Fig. 1

Structure of psoralidin.

Fig. 1

Structure of psoralidin.

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Cell lines, plasmid constructs, and natural compounds

PC-3, DU-145, LNCaP, 22Rv-1, and PzHPv-7 cells were purchased from the American Type Culture Collection. The cells were grown in RPMI 1640 supplemented with 10% fetal bovine serum, 1% glutamine, and antibiotics. The plasmids pCB6+, pcDNA3 flag HA Akt1, and pcDNA KD-Akt were kindly given by Naoya Fujita (24). Psoralidin was isolated in Jurgen Rohr's laboratory (University of Kentucky); high-performance liquid chromatography, nuclear magnetic resonance, and elemental analysis were done to determine the purity of the compound.

Cell viability and apoptotic assays

Cells were treated with psoralidin (indicated concentrations) or vehicle (DMSO) for 24 h to determine cell viability as described earlier (25). Also, terminal deoxynucleotidyl transferase dUTP nick end labeling (TUNEL) and Annexin V–FITC staining assays were done following treatment of PC-3, DU-145, 22Rv1, LNCAP, PC-3/Neo, and PC-3/Bcl-2 cells with psoralidin as described earlier (25).

Transfection and luciferase assays

For NF-κB promoter assays and ectopic expression of Akt, prostate cancer cells (PC-3 and DU-145 at 50-60% confluency) were transiently transfected using the Lipofectamine reagent (Life Technologies) with 2.5 μg of plasmid DNA. The plasmids included the pcDNA3 flag HA Akt1 vector, which contains the same hemagglutinin-tagged myr-Akt or a kinase-inactive mutant of Akt pcDNA (KD-Akt) or pCB6+ (control vector). Each construct was cotransfected with NF-κB luciferase reporter plasmid (containing two tandem NF-κB–responsive sites) in the presence of pRL-TK (renilla plasmid control) to normalize transfection efficiency and promoter activation studies were done as described earlier (26).

Binding studies for NF-κB activity

PC-3 and DU-145 cells were treated with psoralidin for different time intervals and different doses as indicated, and ELISA was done for the activity of NF-κB using universal EZ-TFA transcription factor assay kit (Millipore) as per the manufacturer's instructions.

IκB-α activation studies

PC-3 and DU-145 cells were treated with psoralidin for indicated time intervals and IκB-α activity was quantified using IκB-α ELISA kit (Calbiochem) as per the manufacturer's instructions. Briefly, standards and samples (cell lysates) were incubated in a streptavidin-coated plate for 2 h, then an anti–IκB-α detector antibody was used to detect IκB-α present in the sample that was then detected using a second antibody conjugated with horseradish peroxidase. Finally, a TMB substrate was added to detect the activity in each sample and the absorbance was read at 450 nm. The absorbance was directly proportional to IκB-α activity in the samples.

Western blot analysis

PC-3 and DU-145 cells were treated with psoralidin for varying time intervals or doses; whole-cell lysates or nuclear and cytoplasmic extracts were obtained and subjected to Western blot analysis using the antibodies Akt, NF-κB p50, p65, IκB-α, pIκB-α, IKKα, IKKβ, pIKKα/β, NIK, Bcl-2, cyclin-D1, GSK-3, and Bax from Santa Cruz Biotechnology; PI3K p85, p110, and pAkt from Cell Signaling Technology; and Bcl-xL from MBL International. β-Actin and h (Santa Cruz Biotechnology) were used as the internal loading controls.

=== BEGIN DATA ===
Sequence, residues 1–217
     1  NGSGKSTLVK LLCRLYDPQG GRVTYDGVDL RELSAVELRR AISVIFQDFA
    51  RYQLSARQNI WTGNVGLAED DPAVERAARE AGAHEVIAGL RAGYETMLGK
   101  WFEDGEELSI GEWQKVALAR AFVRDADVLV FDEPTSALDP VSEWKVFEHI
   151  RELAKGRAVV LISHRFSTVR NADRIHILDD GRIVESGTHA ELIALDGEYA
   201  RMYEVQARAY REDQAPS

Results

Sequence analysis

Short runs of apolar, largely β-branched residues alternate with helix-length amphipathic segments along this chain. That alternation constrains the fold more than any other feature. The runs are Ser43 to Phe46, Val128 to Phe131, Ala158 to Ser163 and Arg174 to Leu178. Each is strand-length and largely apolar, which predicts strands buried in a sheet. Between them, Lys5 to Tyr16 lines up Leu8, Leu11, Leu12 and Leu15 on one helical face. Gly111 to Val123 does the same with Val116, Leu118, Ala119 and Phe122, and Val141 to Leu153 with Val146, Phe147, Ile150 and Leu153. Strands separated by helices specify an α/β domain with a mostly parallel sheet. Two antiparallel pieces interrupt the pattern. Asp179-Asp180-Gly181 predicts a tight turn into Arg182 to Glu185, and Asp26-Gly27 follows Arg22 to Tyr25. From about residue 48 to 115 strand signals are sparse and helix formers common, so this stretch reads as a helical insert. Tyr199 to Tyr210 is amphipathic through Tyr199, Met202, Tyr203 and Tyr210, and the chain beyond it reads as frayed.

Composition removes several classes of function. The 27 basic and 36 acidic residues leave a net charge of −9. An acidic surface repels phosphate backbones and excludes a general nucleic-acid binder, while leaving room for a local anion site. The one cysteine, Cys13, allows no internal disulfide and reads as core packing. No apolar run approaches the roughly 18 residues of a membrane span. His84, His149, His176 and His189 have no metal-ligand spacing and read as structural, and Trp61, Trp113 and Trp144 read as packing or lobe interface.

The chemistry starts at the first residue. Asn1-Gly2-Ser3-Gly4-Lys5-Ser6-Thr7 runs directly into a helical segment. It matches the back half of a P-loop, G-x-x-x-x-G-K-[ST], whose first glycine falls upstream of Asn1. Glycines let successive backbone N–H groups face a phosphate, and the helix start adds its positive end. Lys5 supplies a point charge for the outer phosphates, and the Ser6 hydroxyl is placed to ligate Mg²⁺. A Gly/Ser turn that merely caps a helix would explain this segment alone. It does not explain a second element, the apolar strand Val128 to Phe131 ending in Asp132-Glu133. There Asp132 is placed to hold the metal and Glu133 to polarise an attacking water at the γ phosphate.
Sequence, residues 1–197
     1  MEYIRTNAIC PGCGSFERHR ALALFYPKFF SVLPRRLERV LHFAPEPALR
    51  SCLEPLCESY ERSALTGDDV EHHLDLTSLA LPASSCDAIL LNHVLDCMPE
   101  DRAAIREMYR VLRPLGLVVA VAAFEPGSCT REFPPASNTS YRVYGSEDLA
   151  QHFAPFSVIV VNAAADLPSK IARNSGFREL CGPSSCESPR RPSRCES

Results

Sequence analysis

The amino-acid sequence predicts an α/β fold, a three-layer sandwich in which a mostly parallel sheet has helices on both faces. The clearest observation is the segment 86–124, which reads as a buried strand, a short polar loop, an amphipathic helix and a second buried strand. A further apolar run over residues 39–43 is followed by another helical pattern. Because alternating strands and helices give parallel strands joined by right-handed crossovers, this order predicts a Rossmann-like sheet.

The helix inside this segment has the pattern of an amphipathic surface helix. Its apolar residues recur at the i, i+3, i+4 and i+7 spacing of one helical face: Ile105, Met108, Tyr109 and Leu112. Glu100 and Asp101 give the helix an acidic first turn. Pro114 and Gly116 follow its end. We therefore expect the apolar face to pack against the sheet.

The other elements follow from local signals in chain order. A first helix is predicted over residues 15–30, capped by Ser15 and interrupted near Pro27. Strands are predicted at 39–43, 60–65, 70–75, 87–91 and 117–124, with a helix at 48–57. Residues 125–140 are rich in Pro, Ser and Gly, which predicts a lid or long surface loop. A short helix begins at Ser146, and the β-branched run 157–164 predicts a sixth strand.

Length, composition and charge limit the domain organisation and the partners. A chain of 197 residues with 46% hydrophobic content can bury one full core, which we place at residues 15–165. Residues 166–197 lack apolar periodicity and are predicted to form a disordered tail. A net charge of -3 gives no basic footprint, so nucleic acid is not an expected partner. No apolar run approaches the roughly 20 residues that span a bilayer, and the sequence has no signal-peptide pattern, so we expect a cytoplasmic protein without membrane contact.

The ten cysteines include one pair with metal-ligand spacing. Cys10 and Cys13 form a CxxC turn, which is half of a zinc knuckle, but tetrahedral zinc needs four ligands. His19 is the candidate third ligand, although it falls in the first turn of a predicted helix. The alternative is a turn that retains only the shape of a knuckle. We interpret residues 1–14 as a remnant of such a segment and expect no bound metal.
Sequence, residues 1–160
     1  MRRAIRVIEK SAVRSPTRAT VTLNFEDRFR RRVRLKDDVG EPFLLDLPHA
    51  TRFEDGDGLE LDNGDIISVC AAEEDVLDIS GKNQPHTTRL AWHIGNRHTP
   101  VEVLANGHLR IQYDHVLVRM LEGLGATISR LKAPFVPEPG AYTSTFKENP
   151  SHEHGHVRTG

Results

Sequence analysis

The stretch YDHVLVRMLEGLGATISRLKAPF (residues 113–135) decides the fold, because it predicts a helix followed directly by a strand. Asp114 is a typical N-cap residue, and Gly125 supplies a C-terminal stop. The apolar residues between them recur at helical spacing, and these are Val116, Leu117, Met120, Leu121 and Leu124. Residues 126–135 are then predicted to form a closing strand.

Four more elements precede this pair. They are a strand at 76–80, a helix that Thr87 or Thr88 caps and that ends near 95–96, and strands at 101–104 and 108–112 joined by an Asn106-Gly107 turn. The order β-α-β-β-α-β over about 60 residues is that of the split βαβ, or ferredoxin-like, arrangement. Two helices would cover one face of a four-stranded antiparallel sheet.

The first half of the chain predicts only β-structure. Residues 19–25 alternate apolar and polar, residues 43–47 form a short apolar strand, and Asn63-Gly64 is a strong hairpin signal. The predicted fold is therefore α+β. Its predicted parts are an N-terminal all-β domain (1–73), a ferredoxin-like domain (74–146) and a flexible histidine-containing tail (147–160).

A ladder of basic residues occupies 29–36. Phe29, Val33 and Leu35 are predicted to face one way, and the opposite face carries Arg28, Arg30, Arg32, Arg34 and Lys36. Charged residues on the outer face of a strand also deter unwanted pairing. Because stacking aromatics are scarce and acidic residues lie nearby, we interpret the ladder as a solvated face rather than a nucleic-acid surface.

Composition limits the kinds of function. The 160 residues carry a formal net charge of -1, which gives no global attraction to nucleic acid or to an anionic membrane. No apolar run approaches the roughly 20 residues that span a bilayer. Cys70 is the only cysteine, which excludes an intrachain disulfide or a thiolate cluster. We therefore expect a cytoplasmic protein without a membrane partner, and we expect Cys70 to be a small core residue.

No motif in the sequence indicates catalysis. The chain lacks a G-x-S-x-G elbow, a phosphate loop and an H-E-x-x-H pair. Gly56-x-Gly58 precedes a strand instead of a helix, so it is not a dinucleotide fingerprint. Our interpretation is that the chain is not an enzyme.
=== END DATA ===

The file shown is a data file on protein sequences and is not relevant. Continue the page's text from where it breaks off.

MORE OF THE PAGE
Immunoprecipitation studies

PC-3 and DU-145 cells were treated with psoralidin or vehicle (DMSO) at different time intervals; cell lysates were immunoprecipitated using PI3K antibody from Upstate USA, Inc.; and the immunoprecipitated samples were subjected to Western blot analysis using PI3K p85 and p110 antibodies from Cell Signaling Technology.

Kinase assays

PI3K assay was done in psoralidin-treated and vehicle-treated PC-3 and DU-145 cells. Briefly, cells were treated with psoralidin or vehicle for up to 24 h, cell lysates were subjected to immunoprecipitation, and kinase assay was done as per the manufacturer's instruction from Echelon using PI(4,5)P2 as a substrate and PI(3,4,5)P3 as a primary and (K-SEC1) as a secondary detector. The kinase reaction was done in streptavidin-coated detection plate and incubated with TMB solution. The reaction was stopped by adding 1 N H2SO4. Absorbance was read at 450 nm on a plate reader.

Similarly, Akt kinase assays were done using kinase assay kits from Cell Signaling Technology. As per the manufacturer's protocol, cell lysates were immunoprecipitated with immobilized Akt. The kinase assay was done using purified proteins that were incubated with GSK-3 fusion protein in the presence of ATP for 30 min at 30°C. The reaction was stopped using 3× SDS sample buffer and the samples were subjected to Western blot analysis using p-GSK-3α/β (Ser21/9) antibody.

Xenograft studies

We tested the effect of psoralidin on tumors derived from PC-3 cells in 5- to 6-wk male nude (nu/nu) mice from Harlan, in accordance with the University of Kentucky Animal Care and Use Committee guidelines. About 5 × 106 cells were injected s.c. and tumors were allowed to grow until they reached a volume of 50 mm3. At this time, the animals were randomized into three groups, with 9 mice in each group, and psoralidin (15 and 25 mg/kg body weight), dissolved in corn oil, or same amount of corn oil was administrated intratumorally 5 d/wk for up to 4 wk. Tumor volume was measured daily over the observation period.

Following completion of the study, regressed tumors were obtained and TUNEL assay was done to determine whether the tumor regression observed in the animals was a result of the induction of apoptosis (25).

Statistical analysis

All experiments were done thrice to ascertain the reproducibility of the results. The Student's t test was used to calculate statistical significance.

Psoralidin targets Akt signaling in prostate cancer